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A time and place for rebuttal


I had a gentleman message me on LinkedIn. He stated he is an engineer and was interested in what he saw in my LinkedIn profile. I responded to his message saying that I had closed the shop and was in the same position of being an older only I called it experienced worker. In his response to my response, his first sentence was, "don't you mean older worker." He then followed that up with he wanted to know if he could visit the shop. Let me tell you a dirty little secret. The minute you correct someone during a conversation or correspondence on a matter in which it was plain what the subject was and what the writer or speaker intended to express, you have ended any constructive dialogue. The corrected person will, from that point on, will only continue the exchange to be polite.

I have been in many conversations where the person speaking to me may not have stated the facts quite correctly, but I did not needlessly correct them because I knew what they meant. In certain situations, yes, you want to clarify everything before you proceed. In everyday life, you must turn that off, or you will find yourself only having conversations with like-minded people.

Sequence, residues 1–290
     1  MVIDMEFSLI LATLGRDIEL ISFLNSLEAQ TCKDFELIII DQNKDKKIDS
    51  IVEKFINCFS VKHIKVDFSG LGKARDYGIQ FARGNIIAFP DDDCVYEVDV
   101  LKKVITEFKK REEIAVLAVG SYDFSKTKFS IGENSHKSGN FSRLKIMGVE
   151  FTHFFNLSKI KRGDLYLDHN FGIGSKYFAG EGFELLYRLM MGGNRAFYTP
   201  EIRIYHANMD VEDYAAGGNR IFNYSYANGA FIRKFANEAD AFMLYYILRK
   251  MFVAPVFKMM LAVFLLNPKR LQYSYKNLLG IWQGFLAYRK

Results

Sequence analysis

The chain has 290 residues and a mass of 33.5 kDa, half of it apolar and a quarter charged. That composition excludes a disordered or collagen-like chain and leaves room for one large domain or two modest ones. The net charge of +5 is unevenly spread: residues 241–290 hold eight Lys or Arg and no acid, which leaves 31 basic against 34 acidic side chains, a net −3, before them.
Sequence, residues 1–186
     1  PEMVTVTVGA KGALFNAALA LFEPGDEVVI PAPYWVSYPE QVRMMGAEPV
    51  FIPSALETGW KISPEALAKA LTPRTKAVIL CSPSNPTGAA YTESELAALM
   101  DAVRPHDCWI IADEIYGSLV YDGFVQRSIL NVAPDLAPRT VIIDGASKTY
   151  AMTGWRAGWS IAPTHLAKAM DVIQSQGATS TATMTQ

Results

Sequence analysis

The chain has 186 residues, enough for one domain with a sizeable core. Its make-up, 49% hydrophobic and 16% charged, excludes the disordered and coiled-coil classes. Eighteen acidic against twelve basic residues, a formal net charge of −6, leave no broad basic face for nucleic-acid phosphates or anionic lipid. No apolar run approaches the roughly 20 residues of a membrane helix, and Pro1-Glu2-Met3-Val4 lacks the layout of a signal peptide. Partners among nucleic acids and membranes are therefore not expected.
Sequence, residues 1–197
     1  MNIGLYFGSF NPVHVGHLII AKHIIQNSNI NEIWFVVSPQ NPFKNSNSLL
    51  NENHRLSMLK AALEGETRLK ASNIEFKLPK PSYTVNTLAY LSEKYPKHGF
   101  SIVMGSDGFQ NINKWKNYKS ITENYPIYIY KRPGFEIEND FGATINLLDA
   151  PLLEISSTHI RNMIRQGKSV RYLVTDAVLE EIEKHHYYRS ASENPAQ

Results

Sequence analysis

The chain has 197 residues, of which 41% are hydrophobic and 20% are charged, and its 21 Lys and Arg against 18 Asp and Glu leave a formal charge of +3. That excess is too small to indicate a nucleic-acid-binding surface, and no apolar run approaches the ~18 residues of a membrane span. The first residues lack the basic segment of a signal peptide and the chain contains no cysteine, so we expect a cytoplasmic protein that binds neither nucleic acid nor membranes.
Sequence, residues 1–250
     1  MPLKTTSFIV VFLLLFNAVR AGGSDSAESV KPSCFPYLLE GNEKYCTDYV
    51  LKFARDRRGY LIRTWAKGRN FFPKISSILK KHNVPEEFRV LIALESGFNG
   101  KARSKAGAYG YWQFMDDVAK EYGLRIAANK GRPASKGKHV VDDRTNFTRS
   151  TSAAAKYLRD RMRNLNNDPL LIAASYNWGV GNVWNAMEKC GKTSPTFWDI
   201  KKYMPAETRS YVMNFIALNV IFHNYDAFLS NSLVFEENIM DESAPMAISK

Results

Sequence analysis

So my silent response to the gentleman is no, I do not want you to visit the shop as you have already shown you do not know the art of conversation.

Genuine conversation is listening to learn, not looking for a rebuttal. There is a time and place for rebuttal, and it is not a general conversation.


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MY BUSINESS MUSE

My reflections gathered through reading, listening, personal work experience and observation 

The most important thing in communication is hearing what isn't said.

Peter Drucker

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